Game Eaters

Wednesday, December 28, 2005

Blu-Ray region coding scheme announced

This is an interesting tidbit from GamersReports:

Masakazu Honda @ ITMedia reports about the final review version of the AACS contents management system for HD formats such as Blu-ray Disc and HD-DVD. AACS LA consists of IBM, Sony, Toshiba, Warner, Intel, Microsoft, Matsushita, and Disney.

+ Though Warner was eager to abolish region code and there were no objection until the final decision, film companies not in AACS LA opposed it and it was decided that region code stays in BD-ROM. But it undergoes reorganization. Basically, Japan and other East Asian countries except for China are moved to Region 1. The new region codes are

Region 1: North America, South America, East Asia except for China (India, Japan, Korea, Thailand, Malaysia etc.)
Region 2: Europe and Africa
Region 3: China, Russia and other countries

Of course, the gaming blogs are wondering if this will apply to PS3 games as well. As for where I am, Singapore's a bit of a weird state, because we're technically in the same "game region" as Japan, although not many people speak or read Japanese, and we're in a separate "Region 3" when it comes to DVD movies. However, since Japanese Xbox games almost always have an English language option, Japanese Xboxes are distributed and sold here more actively than PS2s or GameCubes, which are basically all imports or mods so that local buyers can play NTSC U/C games. Even the local Sony stores don't really pimp the PS2, although the PSP has a lot of visibility.

At any rate, this is probably somewhat good news for those North American fans of Japanese games. This includes the entire editorial staff of Game Eaters.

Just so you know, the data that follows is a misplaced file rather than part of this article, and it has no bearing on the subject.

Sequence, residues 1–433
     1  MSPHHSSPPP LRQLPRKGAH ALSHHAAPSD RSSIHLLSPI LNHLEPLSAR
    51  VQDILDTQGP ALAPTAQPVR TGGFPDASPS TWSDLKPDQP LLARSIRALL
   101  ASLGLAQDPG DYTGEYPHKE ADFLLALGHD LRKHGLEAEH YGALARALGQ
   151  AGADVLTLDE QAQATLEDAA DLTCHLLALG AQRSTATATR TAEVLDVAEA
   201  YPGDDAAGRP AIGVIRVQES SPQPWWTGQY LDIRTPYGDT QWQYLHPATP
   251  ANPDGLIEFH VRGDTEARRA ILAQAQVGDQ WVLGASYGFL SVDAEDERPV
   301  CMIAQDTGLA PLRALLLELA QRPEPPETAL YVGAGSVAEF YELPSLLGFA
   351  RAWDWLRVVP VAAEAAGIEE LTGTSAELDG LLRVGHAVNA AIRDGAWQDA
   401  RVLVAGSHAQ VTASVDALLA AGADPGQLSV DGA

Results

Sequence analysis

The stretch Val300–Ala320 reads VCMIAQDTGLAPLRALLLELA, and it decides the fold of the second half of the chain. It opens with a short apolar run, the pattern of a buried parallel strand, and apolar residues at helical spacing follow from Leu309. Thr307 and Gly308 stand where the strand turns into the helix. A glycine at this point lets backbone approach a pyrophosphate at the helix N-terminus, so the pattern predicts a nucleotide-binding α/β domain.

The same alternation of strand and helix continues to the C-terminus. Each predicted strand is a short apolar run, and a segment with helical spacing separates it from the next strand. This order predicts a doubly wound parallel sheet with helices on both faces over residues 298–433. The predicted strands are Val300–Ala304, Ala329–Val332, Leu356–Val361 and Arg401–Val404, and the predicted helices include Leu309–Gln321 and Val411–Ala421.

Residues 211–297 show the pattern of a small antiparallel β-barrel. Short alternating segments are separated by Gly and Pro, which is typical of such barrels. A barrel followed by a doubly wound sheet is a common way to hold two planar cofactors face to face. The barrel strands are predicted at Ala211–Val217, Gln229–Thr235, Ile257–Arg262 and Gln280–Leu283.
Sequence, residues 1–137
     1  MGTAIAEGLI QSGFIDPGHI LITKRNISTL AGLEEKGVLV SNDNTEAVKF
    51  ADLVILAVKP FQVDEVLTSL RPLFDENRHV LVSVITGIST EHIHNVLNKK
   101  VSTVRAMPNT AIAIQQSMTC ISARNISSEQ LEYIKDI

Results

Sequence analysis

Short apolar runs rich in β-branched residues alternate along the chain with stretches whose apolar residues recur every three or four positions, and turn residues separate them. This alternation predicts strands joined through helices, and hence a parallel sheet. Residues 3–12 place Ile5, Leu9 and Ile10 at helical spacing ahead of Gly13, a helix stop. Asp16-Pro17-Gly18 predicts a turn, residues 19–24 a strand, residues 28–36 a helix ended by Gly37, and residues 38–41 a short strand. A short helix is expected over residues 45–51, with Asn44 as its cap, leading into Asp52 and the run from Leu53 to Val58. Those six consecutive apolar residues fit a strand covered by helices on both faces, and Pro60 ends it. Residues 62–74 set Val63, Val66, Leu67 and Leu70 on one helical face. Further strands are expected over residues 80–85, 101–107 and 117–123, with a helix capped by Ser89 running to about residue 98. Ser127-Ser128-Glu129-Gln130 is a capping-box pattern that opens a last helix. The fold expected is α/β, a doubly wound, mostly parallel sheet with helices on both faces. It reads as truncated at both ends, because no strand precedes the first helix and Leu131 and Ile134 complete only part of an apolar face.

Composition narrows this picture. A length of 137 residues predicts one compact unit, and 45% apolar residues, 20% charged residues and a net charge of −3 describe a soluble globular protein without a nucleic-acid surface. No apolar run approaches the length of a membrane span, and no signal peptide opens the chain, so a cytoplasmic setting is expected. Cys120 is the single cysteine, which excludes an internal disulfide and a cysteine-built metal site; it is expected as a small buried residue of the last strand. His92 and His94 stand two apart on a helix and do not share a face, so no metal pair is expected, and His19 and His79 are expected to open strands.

Monday, December 19, 2005

Sweet metaphor

My student Elris is a(n American) football player. He struggles with words, but he's actually a sentient being. And he's even understood that in videogame studies, we cannot study rules and stories independently from each other.
The ludology and narratology view is the like peanut butter and jelly. It just would not be as good without the other.

I'm so proud of him. The comparison is so sweet.

So the ludology vs narratology debate should enter a new stage of contention: Who is the butter and who is the jelly?

Wednesday, December 14, 2005

WoW, what a musical

A friend of mine passed on this link to me recently, and I felt it should be shared with all.

The group doesn't credit the original artist, so I will (with a lil help from my friends ;)

"The Internet is for Porn" by Avenue Q


Sunday, December 04, 2005

Games as Art on the NYT

On the tails of Ebert's blog comes a more nuanced look at the games and art debate in The New York Times. Spielberg is cited in Ebert's place, without the peculiar claims of interactivity, while a couple of good points are brought up as to the emotions that games readily evoke.

Steven Spielberg last year offered one model for the medium to follow: cinema. In an address to students learning to be game developers at the University of Southern California, Mr. Spielberg, who has since contracted to create three games, challenged the industry to improve the storytelling, character development and emotional content in the same way it has enhanced the images and action. The medium will come of age, he said, "when somebody confesses that they cried at Level 17."

But movies are just one model for games to emulate. Henry Jenkins, director of the comparative media studies program at the Massachusetts Institute of Technology, suggested that they are equally close to dance, as a medium of performance, or architecture, as a medium of creating unique spaces.